The list of names, wildcards and regular expressions to which the write privilege is restricted to

Application Privilegesedit

The following describes the structure of an application privileges entry:

  "application": "my_app", 
  "privileges": [ ... ],   
  "resources": [ ... ]     

The name of the application.

The list of the names of the application privileges to grant to this role.

The resources to which those privileges apply. These are handled in the same way as index name pattern in indices permissions. These resources do not have any special meaning to the Elasticsearch security features.

For details about the validation rules for these fields, see the add application privileges API.

A role may refer to application privileges that do not exist - that is, they have not yet been defined through the add application privileges API (or they were defined, but have since been deleted). In this case, the privilege has no effect, and will not grant any actions in the has privileges API.


The following snippet shows an example definition of a clicks_admin role:

POST /_security/role/clicks_admin
  "run_as": [ "clicks_watcher_1" ],
  "cluster": [ "monitor" ],
  "indices": [
      "names": [ "events-*" ],
      "privileges": [ "read" ],
      "field_security" : {
        "grant" : [ "category", "@timestamp", "message" ]
      "query": "{\"match\": {\"category\": \"click\"}}"

Based on the above definition, users owning the clicks_admin role can:

  • Impersonate the clicks_watcher_1 user and execute requests on its behalf.
  • Monitor the Elasticsearch cluster
  • Read data from all indices prefixed with events-
  • Within these indices, only read the events of the click category
  • Within these document, only read the category, @timestamp and message fields.

For a complete list of available cluster and indices privileges

There are two available mechanisms to define roles: using the Role Management APIs or in local files on the Elasticsearch nodes. You can also implement custom roles providers. If you need to integrate with another system to retrieve user roles, you can build a custom roles provider plugin. For more information, see Customizing roles and authorization.

Role management UIedit

You can manage users and roles easily in Kibana. To manage roles, log in to Kibana and go to Management / Security / Roles.

Role management APIedit

The Role Management APIs enable you to add, update, remove and retrieve roles dynamically. When you use the APIs to manage roles in the native realm, the roles are stored in an internal Elasticsearch index. For more information and examples, see Roles.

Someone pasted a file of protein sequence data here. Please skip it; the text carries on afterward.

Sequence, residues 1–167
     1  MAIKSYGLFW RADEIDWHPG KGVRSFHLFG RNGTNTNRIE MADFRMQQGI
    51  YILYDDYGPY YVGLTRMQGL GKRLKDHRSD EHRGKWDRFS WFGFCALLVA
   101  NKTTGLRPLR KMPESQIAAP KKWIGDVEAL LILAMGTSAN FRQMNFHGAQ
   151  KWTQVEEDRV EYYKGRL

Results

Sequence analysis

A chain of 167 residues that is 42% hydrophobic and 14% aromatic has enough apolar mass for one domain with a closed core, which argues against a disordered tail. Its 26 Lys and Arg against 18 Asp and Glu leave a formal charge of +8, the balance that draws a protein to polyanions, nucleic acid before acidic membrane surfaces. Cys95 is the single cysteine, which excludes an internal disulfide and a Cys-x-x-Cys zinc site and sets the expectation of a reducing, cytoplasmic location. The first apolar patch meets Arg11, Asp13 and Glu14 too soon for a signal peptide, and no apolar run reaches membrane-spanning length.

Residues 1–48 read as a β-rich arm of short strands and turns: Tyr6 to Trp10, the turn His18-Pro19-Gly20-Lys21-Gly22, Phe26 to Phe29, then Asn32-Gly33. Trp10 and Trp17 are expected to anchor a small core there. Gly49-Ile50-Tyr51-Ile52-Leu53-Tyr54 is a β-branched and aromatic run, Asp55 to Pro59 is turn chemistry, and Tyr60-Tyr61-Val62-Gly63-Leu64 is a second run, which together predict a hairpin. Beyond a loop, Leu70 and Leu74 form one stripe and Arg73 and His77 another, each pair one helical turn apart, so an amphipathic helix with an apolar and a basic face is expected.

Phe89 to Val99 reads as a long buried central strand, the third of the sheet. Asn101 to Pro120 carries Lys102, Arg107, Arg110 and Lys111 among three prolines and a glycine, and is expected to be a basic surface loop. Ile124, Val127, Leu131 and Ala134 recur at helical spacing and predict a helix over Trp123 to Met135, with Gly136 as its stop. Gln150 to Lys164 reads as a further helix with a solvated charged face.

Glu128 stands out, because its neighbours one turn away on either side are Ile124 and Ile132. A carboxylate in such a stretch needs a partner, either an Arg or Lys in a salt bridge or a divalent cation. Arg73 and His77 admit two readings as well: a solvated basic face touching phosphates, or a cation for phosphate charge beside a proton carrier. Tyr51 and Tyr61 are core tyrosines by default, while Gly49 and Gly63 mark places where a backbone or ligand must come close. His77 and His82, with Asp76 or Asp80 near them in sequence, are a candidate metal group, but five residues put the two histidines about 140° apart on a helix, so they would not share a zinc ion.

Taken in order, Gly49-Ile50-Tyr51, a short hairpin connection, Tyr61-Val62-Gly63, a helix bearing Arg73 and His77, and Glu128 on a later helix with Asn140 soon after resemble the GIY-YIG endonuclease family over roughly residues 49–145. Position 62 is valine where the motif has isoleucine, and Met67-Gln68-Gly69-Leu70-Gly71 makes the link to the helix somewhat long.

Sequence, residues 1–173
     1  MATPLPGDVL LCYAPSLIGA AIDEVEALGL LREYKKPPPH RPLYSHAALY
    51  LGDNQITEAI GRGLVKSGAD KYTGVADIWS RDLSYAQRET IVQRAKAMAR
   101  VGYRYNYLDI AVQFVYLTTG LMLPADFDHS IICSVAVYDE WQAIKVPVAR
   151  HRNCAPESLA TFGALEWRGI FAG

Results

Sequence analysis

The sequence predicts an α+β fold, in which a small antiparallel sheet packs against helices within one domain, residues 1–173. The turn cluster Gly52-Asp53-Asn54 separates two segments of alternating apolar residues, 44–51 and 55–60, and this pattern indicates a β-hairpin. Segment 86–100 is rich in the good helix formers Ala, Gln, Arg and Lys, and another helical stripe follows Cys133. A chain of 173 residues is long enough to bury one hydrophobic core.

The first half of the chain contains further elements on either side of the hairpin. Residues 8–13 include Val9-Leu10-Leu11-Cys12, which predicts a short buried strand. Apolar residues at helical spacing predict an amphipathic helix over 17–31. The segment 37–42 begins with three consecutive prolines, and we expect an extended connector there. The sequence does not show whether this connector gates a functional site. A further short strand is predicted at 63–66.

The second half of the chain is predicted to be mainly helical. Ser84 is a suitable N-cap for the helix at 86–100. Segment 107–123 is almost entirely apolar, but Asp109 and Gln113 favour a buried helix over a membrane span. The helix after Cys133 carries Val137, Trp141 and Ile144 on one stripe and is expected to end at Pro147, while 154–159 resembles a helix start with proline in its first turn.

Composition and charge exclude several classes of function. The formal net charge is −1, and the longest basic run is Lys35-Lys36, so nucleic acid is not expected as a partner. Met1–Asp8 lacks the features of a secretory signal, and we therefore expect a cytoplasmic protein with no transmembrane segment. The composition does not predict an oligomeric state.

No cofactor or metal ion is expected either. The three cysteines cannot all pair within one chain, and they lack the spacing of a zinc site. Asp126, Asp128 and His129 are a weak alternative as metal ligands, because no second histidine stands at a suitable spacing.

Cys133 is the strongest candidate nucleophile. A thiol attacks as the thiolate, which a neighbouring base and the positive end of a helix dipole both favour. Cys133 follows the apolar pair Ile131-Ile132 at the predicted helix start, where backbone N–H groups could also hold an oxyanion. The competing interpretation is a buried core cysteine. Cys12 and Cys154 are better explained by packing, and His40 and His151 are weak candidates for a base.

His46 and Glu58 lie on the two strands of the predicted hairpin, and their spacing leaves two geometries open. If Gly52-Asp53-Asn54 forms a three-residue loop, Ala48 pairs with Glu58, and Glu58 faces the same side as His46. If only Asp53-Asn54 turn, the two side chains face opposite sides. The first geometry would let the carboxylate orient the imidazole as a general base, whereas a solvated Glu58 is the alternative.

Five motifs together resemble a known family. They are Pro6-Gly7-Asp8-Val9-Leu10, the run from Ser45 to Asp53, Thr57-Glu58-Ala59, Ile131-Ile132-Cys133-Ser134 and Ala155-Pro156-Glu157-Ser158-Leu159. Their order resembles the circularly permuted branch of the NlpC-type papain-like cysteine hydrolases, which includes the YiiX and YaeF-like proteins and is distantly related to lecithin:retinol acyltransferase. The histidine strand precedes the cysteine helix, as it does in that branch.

File-based role managementedit

Apart from the Role Management APIs, roles can also be defined in local roles.yml file located in ES_PATH_CONF. This is a YAML file where each role definition is keyed by its name.

If the same role name is used in the roles.yml file and through the Role Management APIs, the role found in the file will be used.

While the Role Management APIs is the preferred mechanism to define roles, using the roles.yml file becomes useful if you want to define fixed roles that no one (beside an administrator having physical access to the Elasticsearch nodes) would be able to change. Please note however, that the roles.yml file is provided as a minimal administrative function and is not intended to cover and be used to define roles for all use cases.

You cannot view, edit, or remove any roles that are defined in roles.yml by using the role management UI or the role management APIs.

The roles.yml file is managed locally by the node and is not globally by the cluster. This means that with a typical multi-node cluster, the exact same changes need to be applied on each and every node in the cluster.

A safer approach would be to apply the change on one of the nodes and have the roles.yml distributed/copied to all other nodes in the cluster (either manually or using a configuration management system such as Puppet or Chef).

The following snippet shows an example of the roles.yml file configuration:

  run_as: [ 'clicks_watcher_1' ]
  cluster: [ 'monitor' ]
    - names: [ 'events-*' ]
      privileges: [ 'read' ]
        grant: ['category', '@timestamp', 'message' ]
      query: '{"match": {"category": "click"}}'

Elasticsearch continuously monitors the roles.yml file and automatically picks up and applies any changes to it.